Geologic Time

Find Your Park illustration of person near canyon, text "travel through geologic time"
While a human life spans decades, the Earth's history spans 4.6 billion years! Geologists have created a time scale to organize Earth's history into eons, eras, periods, and epochs.

The geologic time scale began to take shape in the 1700s. Geologists used fundamental concepts to understand the chronological order of rocks around the world. It wasn't until the advent of radiometric dating techniques in the middle 1900s that reliable dates could be assigned to the previously named geologic time divisions.

The National Park System contains a magnificent record of geologic time because rocks from each period of the geologic time scale are preserved in park landscapes.

Fundamental Geologic Concepts

Geologists use these concepts to place sequences of rock in chronological order:
  • Uniformitarianism: Geologic processes operating on the Earth's crust have acted in the same manner and relative intensity throughout geologic time.
  • Superposition: In an undisturbed sequence of sediments or rocks, the older layers occur at the bottom with successively younger layers on top.
  • Original Horizontality: Layers of sediment are originally deposited horiztonal to the Earth's surface.
  • Lateral Continuity: Layers of sediment start out as continuous beds spreading out in all directions.
  • Cross-Cutting Relationships: A rock layer that is cross-cut by a fault, rock intrusion, or an erosion surface is older than the cross-cutting feature.
  • Faunal Succession: Fossils often exhibit identifiable patterns or characteristics which progressively change over time. A rock containing a certain fossil must have been deposited during the time that creature existed on earth.
 
Digital Geologic Map

Geologic Time Views Module

Views of the National Parks (Views) multimedia modules are part of the natural resource Science in Action series. The Geologic Time module focuses on the fundamental concepts needed to build knowledge of geologic time. Students will develop a better understanding of how geologic time is measured, learn about the events of the past, and explore interactive geologic time case studies at some of America's greatest National Parks.
 
photo illustration oldest rocks!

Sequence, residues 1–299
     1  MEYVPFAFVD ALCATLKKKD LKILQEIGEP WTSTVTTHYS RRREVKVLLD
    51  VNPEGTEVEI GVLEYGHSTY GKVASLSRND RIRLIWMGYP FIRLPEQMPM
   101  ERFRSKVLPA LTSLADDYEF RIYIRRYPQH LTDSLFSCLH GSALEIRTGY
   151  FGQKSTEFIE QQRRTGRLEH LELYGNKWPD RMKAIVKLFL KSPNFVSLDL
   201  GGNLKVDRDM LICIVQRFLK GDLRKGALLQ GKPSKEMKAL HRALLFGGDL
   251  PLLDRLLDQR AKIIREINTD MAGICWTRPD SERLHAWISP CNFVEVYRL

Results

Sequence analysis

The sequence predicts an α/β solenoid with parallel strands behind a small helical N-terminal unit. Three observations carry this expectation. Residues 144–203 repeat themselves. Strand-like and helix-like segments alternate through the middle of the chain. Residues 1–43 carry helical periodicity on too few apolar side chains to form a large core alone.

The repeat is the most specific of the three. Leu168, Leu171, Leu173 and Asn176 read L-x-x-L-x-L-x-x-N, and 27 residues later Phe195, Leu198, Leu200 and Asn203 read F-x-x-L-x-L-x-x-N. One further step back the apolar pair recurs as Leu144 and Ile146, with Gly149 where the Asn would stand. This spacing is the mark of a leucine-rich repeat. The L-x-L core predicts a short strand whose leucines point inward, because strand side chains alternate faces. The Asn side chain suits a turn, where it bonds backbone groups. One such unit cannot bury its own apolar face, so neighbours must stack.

Oldest Rocks in the Parks

Learn about the oldest rocks found in the parks that range in age from 3 billion to 600 million years old.

 
Earth from Space

Video: Big Ideas in Geoscience

From the American Geosciences Institute comes Big Idea 2: Earth is 4.6 Billion Years Old. Watch Earth form, and learn about Earth's history and the events of deep time. See what processes shaped the Earth we know today.
 
photo illustration with text discover fossils

Fossils Through Geologic Time

Fossils are found in the rocks, museum collections, and cultural contexts of more than 260 National Park Service areas and span every period of geologic time from billion-year-old stromatolites to Ice Age mammals that lived a few thousand years ago. Visit the parks that preserve fossils from each major time period.

 

Educational Resources

 
Geotime

Learning Activity: It's About Time

Have you ever wondered how geologic time works? This interactive classroom learning activity helps build the basic understanding of geologic time for grades 4-9.

 
Geologic Time Poster

Geologic Time Classroom Poster

Every park contains a slice of geologic time. In this classroom resource we highlight a few parks associated with each geologic time period.

 
Ranger Led Program

Geology, Relatives, and Time

Using a simple three or four generation family tree, students will construct a relatives time tree that mimics the major divisions of the geologic time scale (Precambrian, Paleozoic, Mesozoic, and Cenozoic). For Grades 9-12.

 
Ranger Led Program

The Age of the Earth

Read about the age of the Universe and Earth while learning how scientists determine geologic age through Radiometic Dating.

 

Last updated: March 27, 2017

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